HUD's Community Development Block Grants for Disaster Recovery and Mitigation

The Department of Housing and Urban Development (HUD) is an essential agency in resiliency and disaster recovery. HUD provides flexible grant dollars through the Community Development Block Grant (CDBG) program to over 3,300 communities across the nation annually.  Two HUD programs support resiliency and disaster recovery efforts: CDBG – Disaster Recovery (CDBG-DR) and CDBG – Mitigation (CDBG-MIT). When disasters strike and the President declares a disaster, Congress allocates CDBG-DR funds to States and Tribal governments to help them recover, especially in low and moderate-income areas. CDBG-MIT is funding created to support long-term mitigation.   

About CDBG-DR 

State and local governments rely on CDBG-DR to rebuild housing, infrastructure, and the economic base after major disasters. The program serves as the bridge between disaster relief and long-term recovery and a safety net for those without resources and access to other Federal funds. Typically, no less than 70 percent of CDBG-DR funds must benefit people from low and moderate-income (LMI). HUD measures this as serving census tracts in which more than 50 percent of the population has an annual income less than 80 percent of the Area Median Income. HUD’s income calculator can help you understand who would fall into this category.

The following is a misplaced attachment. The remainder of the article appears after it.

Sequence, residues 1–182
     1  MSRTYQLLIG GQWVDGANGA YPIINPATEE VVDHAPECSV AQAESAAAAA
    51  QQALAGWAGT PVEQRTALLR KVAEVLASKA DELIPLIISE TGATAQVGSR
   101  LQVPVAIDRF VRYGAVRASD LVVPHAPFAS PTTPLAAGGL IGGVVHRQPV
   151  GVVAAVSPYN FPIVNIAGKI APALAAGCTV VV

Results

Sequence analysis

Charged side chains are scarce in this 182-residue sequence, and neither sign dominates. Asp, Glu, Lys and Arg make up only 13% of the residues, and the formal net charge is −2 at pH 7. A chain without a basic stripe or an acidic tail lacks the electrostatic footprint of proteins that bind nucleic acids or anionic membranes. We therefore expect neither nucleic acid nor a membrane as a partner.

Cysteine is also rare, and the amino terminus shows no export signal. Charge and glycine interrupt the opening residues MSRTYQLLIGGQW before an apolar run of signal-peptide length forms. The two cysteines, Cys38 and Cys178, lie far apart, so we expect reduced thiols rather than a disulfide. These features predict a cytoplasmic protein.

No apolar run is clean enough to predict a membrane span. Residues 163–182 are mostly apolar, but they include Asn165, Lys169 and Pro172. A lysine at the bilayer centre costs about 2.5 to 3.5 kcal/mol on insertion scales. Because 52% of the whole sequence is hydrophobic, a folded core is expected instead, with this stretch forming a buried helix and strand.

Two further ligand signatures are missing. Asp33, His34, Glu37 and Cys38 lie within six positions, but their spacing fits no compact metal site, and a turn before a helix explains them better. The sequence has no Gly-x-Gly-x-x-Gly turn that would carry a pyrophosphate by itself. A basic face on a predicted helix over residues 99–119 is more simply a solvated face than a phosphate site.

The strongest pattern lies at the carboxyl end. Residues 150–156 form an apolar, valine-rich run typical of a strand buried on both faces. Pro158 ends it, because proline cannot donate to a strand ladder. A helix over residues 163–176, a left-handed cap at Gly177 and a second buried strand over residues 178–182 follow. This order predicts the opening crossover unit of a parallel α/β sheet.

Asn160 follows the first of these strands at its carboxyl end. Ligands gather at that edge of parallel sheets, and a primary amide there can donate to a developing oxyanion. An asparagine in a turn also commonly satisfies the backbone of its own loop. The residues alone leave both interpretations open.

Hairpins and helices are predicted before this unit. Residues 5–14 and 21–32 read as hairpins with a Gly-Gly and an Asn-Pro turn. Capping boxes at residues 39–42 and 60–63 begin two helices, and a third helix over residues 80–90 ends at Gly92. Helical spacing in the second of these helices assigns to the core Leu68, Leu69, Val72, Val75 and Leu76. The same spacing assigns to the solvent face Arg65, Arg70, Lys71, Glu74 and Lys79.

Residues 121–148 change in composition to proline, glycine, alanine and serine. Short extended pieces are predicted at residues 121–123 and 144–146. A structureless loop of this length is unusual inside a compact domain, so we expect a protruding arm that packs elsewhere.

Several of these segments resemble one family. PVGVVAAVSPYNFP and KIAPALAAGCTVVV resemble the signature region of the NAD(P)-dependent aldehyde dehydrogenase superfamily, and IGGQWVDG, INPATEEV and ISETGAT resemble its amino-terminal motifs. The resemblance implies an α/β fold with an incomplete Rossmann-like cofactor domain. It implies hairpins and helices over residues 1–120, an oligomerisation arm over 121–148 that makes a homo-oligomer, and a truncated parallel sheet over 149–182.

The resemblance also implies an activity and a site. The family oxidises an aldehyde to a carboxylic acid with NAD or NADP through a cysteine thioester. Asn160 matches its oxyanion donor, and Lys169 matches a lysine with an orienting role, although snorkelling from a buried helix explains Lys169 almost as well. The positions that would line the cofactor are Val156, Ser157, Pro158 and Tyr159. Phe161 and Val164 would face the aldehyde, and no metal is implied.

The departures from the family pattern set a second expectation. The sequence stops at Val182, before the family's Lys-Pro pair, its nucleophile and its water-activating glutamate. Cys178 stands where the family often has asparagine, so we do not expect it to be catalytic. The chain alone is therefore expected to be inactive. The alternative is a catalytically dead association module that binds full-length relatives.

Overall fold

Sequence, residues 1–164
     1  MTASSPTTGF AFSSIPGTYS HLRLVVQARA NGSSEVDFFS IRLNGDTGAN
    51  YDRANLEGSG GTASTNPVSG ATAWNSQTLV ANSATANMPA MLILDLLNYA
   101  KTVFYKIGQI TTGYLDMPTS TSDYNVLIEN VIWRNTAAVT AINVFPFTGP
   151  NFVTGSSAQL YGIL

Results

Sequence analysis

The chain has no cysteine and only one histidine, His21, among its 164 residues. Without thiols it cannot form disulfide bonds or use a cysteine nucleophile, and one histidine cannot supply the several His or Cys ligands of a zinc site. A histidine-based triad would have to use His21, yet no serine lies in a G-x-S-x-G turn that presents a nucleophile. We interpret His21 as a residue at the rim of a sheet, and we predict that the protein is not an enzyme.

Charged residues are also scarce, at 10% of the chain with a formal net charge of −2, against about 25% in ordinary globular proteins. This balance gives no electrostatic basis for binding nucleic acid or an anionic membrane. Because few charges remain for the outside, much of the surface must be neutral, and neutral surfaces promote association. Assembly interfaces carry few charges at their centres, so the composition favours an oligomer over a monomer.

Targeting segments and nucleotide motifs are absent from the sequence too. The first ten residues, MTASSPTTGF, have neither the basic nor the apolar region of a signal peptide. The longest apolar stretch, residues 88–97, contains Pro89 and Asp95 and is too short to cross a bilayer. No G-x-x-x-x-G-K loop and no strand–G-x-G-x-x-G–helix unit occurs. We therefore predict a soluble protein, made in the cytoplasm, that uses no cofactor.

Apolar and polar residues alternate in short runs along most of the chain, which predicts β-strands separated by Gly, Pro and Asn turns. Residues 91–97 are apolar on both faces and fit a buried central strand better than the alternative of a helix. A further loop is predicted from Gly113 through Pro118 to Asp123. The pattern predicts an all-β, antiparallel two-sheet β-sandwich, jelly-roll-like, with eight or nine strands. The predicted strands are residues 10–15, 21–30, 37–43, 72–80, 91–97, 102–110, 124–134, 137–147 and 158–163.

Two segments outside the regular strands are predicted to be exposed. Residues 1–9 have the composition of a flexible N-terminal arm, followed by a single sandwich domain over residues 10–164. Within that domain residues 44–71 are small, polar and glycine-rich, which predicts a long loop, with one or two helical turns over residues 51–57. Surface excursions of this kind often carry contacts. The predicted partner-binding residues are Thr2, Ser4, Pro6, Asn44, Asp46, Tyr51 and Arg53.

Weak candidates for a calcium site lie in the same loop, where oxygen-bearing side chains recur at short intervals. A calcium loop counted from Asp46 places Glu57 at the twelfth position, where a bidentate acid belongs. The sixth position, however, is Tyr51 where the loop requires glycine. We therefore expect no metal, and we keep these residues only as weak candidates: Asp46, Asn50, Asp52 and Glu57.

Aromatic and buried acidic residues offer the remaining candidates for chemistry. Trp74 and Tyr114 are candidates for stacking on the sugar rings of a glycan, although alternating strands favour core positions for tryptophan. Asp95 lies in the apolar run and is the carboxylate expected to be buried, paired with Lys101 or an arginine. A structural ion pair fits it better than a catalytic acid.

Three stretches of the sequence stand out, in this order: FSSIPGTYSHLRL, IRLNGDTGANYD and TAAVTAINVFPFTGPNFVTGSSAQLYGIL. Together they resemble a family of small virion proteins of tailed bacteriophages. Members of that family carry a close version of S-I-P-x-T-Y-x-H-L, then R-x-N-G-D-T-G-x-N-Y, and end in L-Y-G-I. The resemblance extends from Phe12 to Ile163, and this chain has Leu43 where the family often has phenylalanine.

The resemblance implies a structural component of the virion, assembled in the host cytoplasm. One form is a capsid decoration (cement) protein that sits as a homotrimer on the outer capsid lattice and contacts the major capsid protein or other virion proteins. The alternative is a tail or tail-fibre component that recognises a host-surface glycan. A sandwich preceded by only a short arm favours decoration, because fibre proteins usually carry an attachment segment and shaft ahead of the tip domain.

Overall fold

CDBG-DR comes in addition to Federal Emergency Management Agency (FEMA) assistance, insurance, disaster loans, and emergency assistance and is particularly important in the most catastrophic disasters when prior sources leave other needs unmet. It’s important to note that State and local entities cannot use CDBG-DR for anything covered by other Federal funding sources.